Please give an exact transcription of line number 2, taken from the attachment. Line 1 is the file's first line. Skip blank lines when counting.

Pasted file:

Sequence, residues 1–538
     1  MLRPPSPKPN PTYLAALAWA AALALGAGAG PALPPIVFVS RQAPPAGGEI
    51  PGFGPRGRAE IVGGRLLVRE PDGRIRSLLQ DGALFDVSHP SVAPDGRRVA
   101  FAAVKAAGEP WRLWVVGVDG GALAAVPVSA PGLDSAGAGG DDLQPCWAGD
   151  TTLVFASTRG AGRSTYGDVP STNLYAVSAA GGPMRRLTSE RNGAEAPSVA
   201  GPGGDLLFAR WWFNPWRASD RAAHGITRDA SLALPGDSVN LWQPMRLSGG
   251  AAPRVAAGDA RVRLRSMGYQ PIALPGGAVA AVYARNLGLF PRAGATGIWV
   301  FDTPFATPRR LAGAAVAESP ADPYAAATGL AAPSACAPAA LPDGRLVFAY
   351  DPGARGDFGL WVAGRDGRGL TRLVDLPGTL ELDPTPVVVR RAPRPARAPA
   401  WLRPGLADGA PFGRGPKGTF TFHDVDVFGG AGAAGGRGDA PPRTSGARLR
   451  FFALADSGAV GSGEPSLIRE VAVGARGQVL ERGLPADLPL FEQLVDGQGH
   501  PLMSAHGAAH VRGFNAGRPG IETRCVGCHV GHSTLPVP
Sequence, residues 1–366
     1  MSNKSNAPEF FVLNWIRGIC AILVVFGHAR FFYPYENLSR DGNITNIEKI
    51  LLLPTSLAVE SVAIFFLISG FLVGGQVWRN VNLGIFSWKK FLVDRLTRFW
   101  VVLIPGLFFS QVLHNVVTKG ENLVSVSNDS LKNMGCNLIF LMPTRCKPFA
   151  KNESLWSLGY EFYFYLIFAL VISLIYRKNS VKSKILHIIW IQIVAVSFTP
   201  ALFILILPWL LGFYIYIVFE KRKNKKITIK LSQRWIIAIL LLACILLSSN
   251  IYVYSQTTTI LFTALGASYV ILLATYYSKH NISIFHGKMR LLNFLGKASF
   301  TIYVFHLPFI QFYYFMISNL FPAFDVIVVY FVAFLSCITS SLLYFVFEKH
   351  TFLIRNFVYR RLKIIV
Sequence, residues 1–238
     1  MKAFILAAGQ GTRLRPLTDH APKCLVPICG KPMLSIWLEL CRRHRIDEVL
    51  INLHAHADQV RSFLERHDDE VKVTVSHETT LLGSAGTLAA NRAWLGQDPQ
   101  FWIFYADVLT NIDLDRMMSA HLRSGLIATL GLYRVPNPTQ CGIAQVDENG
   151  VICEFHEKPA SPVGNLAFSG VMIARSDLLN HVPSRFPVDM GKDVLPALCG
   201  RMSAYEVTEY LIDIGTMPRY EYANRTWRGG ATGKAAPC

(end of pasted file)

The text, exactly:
     1  MLRPPSPKPN PTYLAALAWA AALALGAGAG PALPPIVFVS RQAPPAGGEI